In a Conference Championship weekend for the ages, the NFL’s four best teams played epic overtime battles marred only by shoddy officiating and a tragic coin toss. Shawn Siegele discusses the fantasy fallout of virtuoso performances from Patrick Mahomes and Tom Brady, as well as the surprising numbers from a frantic battle between the Saints and Rams.
With a full day to contemplate the heroics and heartbreak, it’s still difficult for think about what might have been. After winning a ridiculous 12 consecutive coin flips in one stretch this season, Kansas City’s magic ran out at the key moment on Sunday. It’s frustrating to have a game of this caliber decided in such a manner, but it’s also hard to argue with the current incarnation of NFL overtime rules. With so many flaws in the game, including and especially the officiating, OT certainly isn’t the problem. And the Chiefs had chances. As hard as it is to believe when looking at some of the numbers – they allowed 37 points and gave up TDs on the final three drives,1 – Kansas City held their own on first and second down. They forced a couple of crucial turnovers. And they would have won if Dee Ford had lined up legally on the key play.
Although the Patriots are a difficult to team to like due to their willingness to bend the rules and the type of dominance that leaches fun from the playoffs, they’re exceptionally easy to respect. Not for the cheating, of course, but for the way they’ve built a dynasty in a league that rewards management, coaching, depth, innovation, and teamwork. While high draft picks are valuable and quarterback is likely the most important position in sports, this isn’t a league that rewards tanking, excessive spending, or a thin core of stars.2 New England has been the model for organizational depth, schematic innovation, in-game tactics, and all-11 effort. You often hear flash-in-the-pans or underdog victors talk about “doing it the right way,” but the Patriots have demonstrated that a focus on greatness in every area3 can lead to a level of success that few would have thought possible.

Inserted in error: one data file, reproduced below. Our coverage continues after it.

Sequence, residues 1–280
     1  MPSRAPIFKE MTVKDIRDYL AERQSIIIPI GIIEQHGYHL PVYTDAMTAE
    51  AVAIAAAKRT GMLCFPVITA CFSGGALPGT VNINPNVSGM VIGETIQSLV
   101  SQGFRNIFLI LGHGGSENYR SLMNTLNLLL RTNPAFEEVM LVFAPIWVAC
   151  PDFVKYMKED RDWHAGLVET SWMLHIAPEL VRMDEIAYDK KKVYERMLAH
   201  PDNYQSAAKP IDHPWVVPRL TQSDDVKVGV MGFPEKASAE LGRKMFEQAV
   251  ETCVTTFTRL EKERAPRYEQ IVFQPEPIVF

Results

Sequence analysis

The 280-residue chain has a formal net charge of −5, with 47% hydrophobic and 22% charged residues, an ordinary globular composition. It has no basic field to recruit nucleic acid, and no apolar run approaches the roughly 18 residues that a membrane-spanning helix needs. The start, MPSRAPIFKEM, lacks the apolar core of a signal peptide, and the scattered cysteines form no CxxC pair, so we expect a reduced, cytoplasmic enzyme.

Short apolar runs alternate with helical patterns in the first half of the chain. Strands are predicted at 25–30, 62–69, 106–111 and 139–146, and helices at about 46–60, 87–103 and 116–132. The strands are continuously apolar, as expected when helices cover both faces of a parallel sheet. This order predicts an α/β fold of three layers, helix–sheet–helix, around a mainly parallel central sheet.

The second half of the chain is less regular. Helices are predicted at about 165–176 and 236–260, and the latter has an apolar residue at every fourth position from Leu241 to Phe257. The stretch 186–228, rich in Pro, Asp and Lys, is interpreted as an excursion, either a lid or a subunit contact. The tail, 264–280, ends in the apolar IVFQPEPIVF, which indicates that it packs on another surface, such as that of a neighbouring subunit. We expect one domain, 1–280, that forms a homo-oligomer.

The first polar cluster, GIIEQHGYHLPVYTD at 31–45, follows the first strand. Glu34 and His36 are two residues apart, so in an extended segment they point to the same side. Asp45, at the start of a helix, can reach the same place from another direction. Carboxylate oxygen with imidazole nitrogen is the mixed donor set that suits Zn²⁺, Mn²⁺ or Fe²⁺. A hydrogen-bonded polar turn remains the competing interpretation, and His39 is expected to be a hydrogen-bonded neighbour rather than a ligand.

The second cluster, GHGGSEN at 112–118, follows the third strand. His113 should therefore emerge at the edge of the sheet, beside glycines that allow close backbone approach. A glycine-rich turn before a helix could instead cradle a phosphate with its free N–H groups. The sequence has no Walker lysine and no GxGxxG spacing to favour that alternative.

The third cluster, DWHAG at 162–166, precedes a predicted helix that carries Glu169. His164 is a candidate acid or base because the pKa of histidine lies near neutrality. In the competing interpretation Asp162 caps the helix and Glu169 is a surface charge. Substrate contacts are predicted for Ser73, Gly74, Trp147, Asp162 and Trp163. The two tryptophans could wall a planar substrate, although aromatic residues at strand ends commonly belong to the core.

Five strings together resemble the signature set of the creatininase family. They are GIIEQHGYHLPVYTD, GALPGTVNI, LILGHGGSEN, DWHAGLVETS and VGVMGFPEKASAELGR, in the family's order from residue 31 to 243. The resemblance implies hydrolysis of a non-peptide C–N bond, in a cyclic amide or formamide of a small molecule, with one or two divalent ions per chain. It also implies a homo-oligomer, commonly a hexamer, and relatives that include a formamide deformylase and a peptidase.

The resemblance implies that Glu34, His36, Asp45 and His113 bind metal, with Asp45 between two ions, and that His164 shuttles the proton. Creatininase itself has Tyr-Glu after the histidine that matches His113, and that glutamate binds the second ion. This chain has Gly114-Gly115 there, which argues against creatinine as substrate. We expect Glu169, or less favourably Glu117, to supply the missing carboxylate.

For Chiefs fans, the game brings up plenty of dark memories and the specter of playoffs past in which even a single key stop would have meant victory. But fans who are devastated this week can at least take refuge in the knowledge that Kansas City has the brightest future of any team in the NFL. With Mahomes and Andy Reid at the helm, it’s not even particularly close.
Chiefs vs. Patriots
In a game where the Patriots ran almost 100 plays, it’s surprising to see Julian Edelman with only 10 targets. He was everywhere – quasi-fumbling punts, tipping interceptions, and making a big catch on seemingly every third down. Looking at third down in particular brings the play of Edelman and Sammy Watkins into even clearer focus.
This game was a case study in the brilliance of both Mahomes and Bill Belichick. The Pats shut out Kansas City’s high-flying offense in the first half and held their two receiving stars, Tyreek Hill and Travis Kelce, to only four catches and 65 yards.
But Mahomes wasn’t to be stopped, and he led a second-half onslaught behind Watkins and Damien Williams.
It will be interesting to see what the Chiefs do at RB in the offseason. Williams entered the NFL as a Fantasy Douche super sleeper and finally looks like that player with the Chiefs. He burned New England for three TDs and functions smoothly as the hybrid back Reid prefers. On the season he was more efficient than Kareem Hunt as a runner4 and matched him in receiving volume.5